“What is hell? I maintain that it is the suffering of being unable to love.” – Fr. Zossima (Brothers Karamazov)
People are people, and people have opinions that can be emotive when provoked. Married couples get into occasional tiffs when they disagree with each other. This may be hard to believe and possibly scandalizing, but it turns out that consecrated religious are people too, and exhibit the same traits as other human beings. It’s possible that once in a while, one religious may get irritated at another.
Sarcasm aside, most would agree that taking a backward step to explain your frustration to yourself is one of the quicker and surer approaches to reveal the absurdity of over-reacting. Retrospection gives us a clearer vantage point on a situation that once occupied so much mental real estate.
In an intense scene from The Brothers Karamazov, Dmitri has a conversion of sorts after sitting in a prison cell for a couple months. Having made others suffer and in turn suffering some unfortunate ordeals himself, he gets the sense that redemption is possible even for him. As Alyosha prepares to leave from his last visit, Dmitri gives a parting exhortation to his youngest brother, “Love Ivan!” Ivan, psychotic in his cold, analytical, nearly inhuman state, was the brother in most need of love. Witnessing all the suffering in existence, Ivan couldn’t bring himself to find peace and so rejected any sense of meaning in the world God had created.
Dmitri Fyodorovich Karamazov was no saint to imitate, but it’s evident by the end of the chapter that he had gained a greater insight into life’s fundamental meaning. After being given a chance to reconsider his life, suffer for his past, and focus on his imminent sentence for a murder that he didn’t commit, Dmitri’s final words were a plea to love your brother.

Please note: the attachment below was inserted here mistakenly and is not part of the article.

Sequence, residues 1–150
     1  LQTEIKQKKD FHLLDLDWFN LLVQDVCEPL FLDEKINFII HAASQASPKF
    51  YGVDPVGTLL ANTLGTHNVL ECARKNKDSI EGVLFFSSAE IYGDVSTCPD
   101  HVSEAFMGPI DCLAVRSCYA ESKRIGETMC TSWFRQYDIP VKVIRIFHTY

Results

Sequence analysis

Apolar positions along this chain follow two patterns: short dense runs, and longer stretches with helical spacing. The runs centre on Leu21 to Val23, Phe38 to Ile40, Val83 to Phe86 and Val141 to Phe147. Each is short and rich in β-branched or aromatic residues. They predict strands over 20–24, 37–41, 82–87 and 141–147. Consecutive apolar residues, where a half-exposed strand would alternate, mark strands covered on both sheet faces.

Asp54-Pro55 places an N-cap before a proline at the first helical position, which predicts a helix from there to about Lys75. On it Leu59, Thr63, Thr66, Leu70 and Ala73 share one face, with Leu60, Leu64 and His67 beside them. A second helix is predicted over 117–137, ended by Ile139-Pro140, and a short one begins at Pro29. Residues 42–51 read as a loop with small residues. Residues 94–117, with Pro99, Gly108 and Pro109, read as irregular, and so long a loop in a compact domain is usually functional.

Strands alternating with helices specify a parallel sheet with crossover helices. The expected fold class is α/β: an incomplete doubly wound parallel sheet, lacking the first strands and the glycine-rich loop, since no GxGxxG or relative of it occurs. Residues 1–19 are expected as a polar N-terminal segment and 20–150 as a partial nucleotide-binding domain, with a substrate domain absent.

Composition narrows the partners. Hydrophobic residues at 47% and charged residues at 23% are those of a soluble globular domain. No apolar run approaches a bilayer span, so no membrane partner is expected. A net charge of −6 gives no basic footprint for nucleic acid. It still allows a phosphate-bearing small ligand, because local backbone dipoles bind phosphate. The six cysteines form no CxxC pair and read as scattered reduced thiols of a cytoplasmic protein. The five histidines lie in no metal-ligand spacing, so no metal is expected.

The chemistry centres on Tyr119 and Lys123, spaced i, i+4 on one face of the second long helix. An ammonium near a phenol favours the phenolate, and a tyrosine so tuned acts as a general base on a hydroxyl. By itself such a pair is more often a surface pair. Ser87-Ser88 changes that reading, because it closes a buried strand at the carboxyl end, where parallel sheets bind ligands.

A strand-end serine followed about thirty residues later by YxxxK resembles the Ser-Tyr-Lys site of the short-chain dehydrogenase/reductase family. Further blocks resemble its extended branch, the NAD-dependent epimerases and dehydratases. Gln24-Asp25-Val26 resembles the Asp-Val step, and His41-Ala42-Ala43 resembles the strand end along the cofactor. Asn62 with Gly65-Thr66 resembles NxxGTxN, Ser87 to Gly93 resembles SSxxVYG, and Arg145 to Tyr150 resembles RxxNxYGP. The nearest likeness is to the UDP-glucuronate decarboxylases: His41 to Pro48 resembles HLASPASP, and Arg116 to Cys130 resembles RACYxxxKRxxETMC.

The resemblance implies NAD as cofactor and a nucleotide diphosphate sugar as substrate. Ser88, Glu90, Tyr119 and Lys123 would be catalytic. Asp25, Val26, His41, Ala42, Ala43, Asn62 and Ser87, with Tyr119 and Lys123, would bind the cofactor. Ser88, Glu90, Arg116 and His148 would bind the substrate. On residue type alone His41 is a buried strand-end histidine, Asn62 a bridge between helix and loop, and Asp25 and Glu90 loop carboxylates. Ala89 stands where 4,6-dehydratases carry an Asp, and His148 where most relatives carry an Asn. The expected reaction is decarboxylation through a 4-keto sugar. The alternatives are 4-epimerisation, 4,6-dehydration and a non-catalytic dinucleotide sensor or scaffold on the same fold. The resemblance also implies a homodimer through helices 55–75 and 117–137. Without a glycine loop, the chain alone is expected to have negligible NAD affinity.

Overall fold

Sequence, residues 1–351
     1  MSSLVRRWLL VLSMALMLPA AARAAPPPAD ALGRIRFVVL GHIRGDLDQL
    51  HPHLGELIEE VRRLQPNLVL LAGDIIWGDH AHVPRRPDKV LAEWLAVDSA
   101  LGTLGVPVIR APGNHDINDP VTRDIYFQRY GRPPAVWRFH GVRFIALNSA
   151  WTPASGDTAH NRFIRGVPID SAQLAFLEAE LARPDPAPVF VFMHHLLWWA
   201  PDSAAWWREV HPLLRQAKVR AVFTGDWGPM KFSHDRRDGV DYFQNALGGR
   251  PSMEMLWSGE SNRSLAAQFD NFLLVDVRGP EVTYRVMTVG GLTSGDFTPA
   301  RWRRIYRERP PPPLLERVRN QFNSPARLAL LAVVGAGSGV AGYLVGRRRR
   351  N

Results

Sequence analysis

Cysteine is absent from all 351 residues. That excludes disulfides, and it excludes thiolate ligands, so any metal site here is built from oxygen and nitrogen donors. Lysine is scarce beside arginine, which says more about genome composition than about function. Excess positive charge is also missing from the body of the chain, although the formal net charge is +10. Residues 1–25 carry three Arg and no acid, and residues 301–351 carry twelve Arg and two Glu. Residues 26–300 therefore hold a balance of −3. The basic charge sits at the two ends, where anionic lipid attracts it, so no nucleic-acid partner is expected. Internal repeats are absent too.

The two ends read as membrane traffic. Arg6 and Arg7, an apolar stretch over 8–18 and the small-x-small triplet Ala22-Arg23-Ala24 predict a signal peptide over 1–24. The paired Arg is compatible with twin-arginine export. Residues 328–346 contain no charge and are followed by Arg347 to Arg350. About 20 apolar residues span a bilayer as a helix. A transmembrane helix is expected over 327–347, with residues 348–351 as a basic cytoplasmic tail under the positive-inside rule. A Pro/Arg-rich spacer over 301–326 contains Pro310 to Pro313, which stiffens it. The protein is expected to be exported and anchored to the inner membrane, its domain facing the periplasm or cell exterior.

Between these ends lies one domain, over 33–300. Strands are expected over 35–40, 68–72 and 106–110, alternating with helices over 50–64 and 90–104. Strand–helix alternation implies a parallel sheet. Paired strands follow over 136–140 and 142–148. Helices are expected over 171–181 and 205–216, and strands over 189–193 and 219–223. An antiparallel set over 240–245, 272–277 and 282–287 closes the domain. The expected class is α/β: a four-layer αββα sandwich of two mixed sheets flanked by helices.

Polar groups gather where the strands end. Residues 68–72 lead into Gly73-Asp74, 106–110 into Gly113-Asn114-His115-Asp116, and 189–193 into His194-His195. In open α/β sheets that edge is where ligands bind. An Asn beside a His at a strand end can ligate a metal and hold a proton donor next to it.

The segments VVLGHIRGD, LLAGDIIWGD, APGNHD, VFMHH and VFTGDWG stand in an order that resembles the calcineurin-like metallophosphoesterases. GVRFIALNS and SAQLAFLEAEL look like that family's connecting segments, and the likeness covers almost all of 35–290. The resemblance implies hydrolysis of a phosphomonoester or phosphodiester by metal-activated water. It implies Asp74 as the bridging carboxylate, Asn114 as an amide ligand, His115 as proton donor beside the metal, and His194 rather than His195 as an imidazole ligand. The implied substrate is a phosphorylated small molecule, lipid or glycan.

After the death of Christ and the glorious events that followed, it’s possible to imagine the apostles promptly forgetting about who would sit where in the afterlife. The type of bickering among the 12 found in the Gospel accounts are notably absent in the Acts of the Apostles. Sure, there were still (and continue to be) disagreements on practice, specific teaching, etc., but these stem from their love of truth and struggle to be faithful, not from an egocentric pursuit of self-exaltation. Perhaps, after witnessing the passion of Our Lord, life’s meaning was finally put into a proper framework. Earthly rewards, and even heavenly ones that we conjure up in our imagination, are nothing in comparison to what we can do for the other based on love received. For the disciples, Christ’s death put life in love’s perspective.
Though the cloud of our own mortality constantly looms over our heads, it’s not until we look up and notice it that we remember to take into account our priorities in life. Frustrations arise and will continue to do so. Evil, pain, and wrong are still present, and won’t disappear while we’re in this life. Though increasingly difficult if not constantly recalled, an open-handed detachment to life’s practical concerns is crucial for happiness. This isn’t to promote laziness or indifference, but a truer perspective.
Only in loving can we see clearly. Love forces us to concern ourselves with the other and seek the common good, even if that means we have to take on what we wouldn’t want initially. Christ died for us, because that’s what love does. We die to ourselves for the sake of serving Christ in the other, because that’s what love does. Whether we have 60 years or 60 minutes left on Earth, being able to perceive what is worth living for (and thus, dying for) is the only way we’ll find genuine meaning until our last breath. We don’t zero in on our “own world” and demand that everyone attend to our desires, but maintain a gaze on where our ultimate satisfaction lies. This can only be thought of as loving what Jesus loved while he was being crucified. Dmitri’s words, then, should always be kept in mind: “Well, go, love Ivan!”
Editor’s note: This article originally appeared on Dominicana, the Dominican student blog of the St. Joseph Province, and is reprinted here with kind permission.